Humans can catch the disease through contact with rodent urine, saliva and faeces, by touch, contaminated food or drink, or from breathing in aerosolised particles. 

Different species of rodent carry different viruses whose virulence varies but which show similar symptoms of flu-like conditions: 

  • Eastern Asia: a severe infection is caused by the Hantaan virus which occurs in China, the Democratic People’s Republic of Korea, the Republic of Korea and far eastern Russia. This is carried by the striped field mouse. 
  • Europe: the main carrier is the bank vole, which hosts the Puumala virus, the cause of a relatively mild form of haemorrhagic fever with renal syndrome (HFRS). The milder Saaremaa virus is also carried by the striped field mouse in Estonia and nearby in Russia. In southern Europe the Dobrava virus, which causes a severe form of HFRS, is carried by the yellow-necked mouse. 
  • North America: In North America many species of hantavirus have been identified in rodents. The most important of these is Sine Nombre virus which is carried by deer mice in Canada, Mexico and the US. This causes Hantavirus pulmonary syndrome, which has a high fatality rate.

Leishmaniasis

Leishmaniasis is spread by bites from female phlebotomine sandflies. Rodents, dogs and other mammals are reservoirs for the species of Leishmania protozoa that cause the disease. It is present across the world in tropical and subtropical regions.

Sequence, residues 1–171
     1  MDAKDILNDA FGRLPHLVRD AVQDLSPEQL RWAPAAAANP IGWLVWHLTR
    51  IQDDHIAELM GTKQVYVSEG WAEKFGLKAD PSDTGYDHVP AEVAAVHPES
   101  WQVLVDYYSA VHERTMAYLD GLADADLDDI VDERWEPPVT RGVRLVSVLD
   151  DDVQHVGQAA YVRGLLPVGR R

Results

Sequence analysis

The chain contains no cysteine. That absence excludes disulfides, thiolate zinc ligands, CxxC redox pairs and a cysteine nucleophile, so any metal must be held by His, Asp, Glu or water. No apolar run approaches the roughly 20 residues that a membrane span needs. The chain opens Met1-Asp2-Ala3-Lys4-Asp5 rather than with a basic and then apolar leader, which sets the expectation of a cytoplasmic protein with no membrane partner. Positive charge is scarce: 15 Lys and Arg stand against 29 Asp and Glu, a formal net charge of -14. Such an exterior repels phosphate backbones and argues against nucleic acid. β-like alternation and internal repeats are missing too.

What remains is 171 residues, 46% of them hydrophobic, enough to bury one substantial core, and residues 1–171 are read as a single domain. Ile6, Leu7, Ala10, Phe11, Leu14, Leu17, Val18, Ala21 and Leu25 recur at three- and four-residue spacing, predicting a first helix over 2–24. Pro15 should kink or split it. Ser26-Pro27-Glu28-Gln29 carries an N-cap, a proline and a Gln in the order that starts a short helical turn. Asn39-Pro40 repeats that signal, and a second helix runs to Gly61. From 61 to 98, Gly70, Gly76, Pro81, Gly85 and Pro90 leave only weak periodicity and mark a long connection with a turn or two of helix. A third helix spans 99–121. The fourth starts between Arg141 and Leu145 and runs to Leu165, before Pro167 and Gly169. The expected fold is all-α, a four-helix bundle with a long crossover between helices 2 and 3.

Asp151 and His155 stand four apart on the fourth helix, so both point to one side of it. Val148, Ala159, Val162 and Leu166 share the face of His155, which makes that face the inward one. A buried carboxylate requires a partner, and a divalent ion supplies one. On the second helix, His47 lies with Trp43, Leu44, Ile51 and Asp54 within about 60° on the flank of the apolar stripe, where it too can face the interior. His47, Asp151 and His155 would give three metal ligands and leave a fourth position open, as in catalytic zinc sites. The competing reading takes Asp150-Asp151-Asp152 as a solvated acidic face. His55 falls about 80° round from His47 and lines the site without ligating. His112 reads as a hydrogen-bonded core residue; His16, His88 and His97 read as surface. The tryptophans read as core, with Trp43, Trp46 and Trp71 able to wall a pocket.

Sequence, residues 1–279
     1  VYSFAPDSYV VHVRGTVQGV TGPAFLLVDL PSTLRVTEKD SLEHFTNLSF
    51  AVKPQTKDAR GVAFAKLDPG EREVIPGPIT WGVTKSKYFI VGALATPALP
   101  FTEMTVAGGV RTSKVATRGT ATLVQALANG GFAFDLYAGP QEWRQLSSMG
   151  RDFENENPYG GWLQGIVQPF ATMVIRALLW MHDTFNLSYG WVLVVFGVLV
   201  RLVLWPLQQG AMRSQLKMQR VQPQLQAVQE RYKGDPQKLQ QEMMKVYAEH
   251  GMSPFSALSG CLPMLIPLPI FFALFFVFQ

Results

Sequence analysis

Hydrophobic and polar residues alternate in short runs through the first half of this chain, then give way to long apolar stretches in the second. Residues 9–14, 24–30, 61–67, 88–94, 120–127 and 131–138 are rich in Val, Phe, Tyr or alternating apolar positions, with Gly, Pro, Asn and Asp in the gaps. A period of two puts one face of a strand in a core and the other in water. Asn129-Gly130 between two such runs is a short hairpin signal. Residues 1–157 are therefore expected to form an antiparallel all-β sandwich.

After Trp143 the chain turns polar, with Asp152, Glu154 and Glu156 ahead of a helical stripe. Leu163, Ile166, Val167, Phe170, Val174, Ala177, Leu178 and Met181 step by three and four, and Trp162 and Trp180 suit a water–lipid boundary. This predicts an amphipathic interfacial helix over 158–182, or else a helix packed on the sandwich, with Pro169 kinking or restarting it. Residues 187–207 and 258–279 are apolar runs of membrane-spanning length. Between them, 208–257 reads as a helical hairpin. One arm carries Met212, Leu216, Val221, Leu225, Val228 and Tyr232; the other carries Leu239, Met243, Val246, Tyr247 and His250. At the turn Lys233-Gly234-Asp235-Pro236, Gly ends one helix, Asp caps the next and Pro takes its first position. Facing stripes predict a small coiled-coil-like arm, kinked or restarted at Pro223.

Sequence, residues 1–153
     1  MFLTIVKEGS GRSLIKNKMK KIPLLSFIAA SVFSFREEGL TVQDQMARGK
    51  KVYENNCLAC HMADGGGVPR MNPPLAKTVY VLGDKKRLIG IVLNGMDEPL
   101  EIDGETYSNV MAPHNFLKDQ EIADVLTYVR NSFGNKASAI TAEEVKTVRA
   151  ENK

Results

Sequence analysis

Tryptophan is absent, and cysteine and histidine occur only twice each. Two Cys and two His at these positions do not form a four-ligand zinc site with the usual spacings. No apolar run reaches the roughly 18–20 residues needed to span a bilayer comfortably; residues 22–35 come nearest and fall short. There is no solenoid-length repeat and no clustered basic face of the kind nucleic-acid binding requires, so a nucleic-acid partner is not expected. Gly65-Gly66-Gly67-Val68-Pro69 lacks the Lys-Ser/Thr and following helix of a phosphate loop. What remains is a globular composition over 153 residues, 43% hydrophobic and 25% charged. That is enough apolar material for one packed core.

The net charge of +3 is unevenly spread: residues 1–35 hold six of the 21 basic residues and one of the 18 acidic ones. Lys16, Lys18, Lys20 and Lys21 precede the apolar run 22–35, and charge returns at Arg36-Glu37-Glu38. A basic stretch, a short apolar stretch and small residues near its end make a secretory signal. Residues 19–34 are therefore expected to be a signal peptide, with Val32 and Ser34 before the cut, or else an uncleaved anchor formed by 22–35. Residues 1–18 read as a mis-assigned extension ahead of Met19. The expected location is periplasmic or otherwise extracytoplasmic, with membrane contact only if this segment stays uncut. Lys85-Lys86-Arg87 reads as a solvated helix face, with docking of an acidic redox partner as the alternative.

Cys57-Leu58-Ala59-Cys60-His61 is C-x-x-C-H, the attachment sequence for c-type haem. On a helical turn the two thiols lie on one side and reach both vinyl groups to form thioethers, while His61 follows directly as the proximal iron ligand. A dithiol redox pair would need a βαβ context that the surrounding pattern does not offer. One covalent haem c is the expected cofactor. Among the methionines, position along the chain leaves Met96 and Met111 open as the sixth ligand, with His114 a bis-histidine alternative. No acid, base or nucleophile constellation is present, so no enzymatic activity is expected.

There are several forms of the disease, causing variously, skin sores, chronic ulcers, mucosal infections, and infections of the spleen, liver, bone marrow and lymph nodes, producing fever and anaemia.

Leptospirosis

Leptospirosis is an infection caused by species of Leptospira bacteria. It is caught from the urine of rats, other rodents and also cattle, pigs and dogs. 

Humans can become infected by: 

  • direct contact with urine or other animal body fluids (except saliva) of infected animals 
  • contact with soil, water, surfaces or food contaminated with the urine of infected animals 

The bacteria live inside the animal’s kidneys and are passed out in urine. They can survive for weeks or months in soil or water. 

The bacteria can infect the body through the mouth, through the skin if broken by a scratch or cut, and the mucus membranes of the eyes, nose and mouth.

Risk 

Leptospirosis occurs throughout temperate and tropical zones. Occupations or activities that have contact with animals or freshwater sources have a higher risk. 

Occupations and activities at risk of leptospirosis:

  • Farming 
  • Abattoir workers 
  • Vets 
  • Sewer workers 
  • Mine workers 
  • Fish workers 
  • Fishing 
  • Sailing 
  • Swimming

Symptoms of Leptospirosis